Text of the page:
New Hampshire Legislative Update | 6.17
This week, Governor Sununu’s stay-at-home advisory order expired. Along with it, the New Hampshire Senate returned to Concord for the first time since late March. This update will cover some fast facts on the end of the stay-at-home advisory order, what it means for renters and those filing for unemployment, and a summary of legislative activity.
- The ban on gatherings of 10 or more people has ended.
- All employers can now require employees to return to work.
- Gyms, racetracks, charitable gaming facilities, libraries and funeral homes will be among the industries allowed to reopen, with modifications.
- Indoor movie theaters, amusement parks, performing arts venues and adult day centers are set to reopen June 29, with some restrictions.
Potential Relief for Renters
The moratorium on evictions that went into effect in March is now ending. Aware that many will not be able to afford rent, the state is planning to use money from the CARES Act to launch a $35 million Housing Relief Fund. The fund will issue one-time grants for households that have lost income or otherwise incurred extra expenses due to COVID-19, and provide other short-term rental assistance programs.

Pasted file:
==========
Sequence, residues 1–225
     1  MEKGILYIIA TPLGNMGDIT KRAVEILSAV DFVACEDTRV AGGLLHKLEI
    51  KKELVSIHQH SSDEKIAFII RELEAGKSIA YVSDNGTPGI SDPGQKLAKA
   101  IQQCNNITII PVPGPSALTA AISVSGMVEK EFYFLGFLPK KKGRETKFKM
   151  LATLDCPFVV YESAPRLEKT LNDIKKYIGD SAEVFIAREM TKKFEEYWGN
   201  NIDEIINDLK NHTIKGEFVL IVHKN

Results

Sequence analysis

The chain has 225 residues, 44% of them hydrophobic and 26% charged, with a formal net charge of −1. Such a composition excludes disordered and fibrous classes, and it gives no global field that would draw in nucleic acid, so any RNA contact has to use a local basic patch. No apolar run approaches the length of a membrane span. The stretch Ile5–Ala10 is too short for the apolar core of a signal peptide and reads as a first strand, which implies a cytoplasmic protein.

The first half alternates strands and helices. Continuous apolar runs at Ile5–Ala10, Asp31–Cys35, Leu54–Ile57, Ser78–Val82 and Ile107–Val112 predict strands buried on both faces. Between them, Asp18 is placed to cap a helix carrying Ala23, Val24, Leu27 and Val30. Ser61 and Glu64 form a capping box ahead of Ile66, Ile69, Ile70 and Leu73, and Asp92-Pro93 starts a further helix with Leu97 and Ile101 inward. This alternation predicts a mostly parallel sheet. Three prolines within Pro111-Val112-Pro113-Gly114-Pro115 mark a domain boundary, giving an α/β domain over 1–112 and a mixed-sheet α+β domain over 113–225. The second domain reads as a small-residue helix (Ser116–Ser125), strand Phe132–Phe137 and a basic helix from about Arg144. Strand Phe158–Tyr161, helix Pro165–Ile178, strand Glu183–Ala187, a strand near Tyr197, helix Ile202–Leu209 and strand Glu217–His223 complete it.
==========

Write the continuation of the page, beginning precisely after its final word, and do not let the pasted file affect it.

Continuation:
People filing their claims will see a change in the questions regarding the stay-at-home order. Now, those who were filing for benefits solely because they were complying with the stay-at-home order will no longer have that option. Nevertheless, all other questions remain the same, and workers who were furloughed and haven’t been offered a chance to return to work are still eligible.
- By unanimous vote, the Senate approved an aggressive cap on insulin prices and creation of a new drug importation program from Canada. The bill includes new prescription drug regulations, and a requirement that health insurers keep the total monthly cost for insulin to $30 or less.
- Although the Senate failed to pass a bill that would increase unemployment benefits, it did approve expanding medical leave, providing protective equipment for workers, waiving testing co-pays for Covid-19 and giving $50 million of federal CARES Act funds to the Department of Employment Security.
- The Senate passed a bill raising the minimum wage to $10 next year and $12 in 2023. Governor Sununu, however, has vetoed similar bills in the past.
- The Senate moved to greatly expand the use of telemedicine by making sure payment for it is on parity with in-person treatment when it comes to insurance coverage.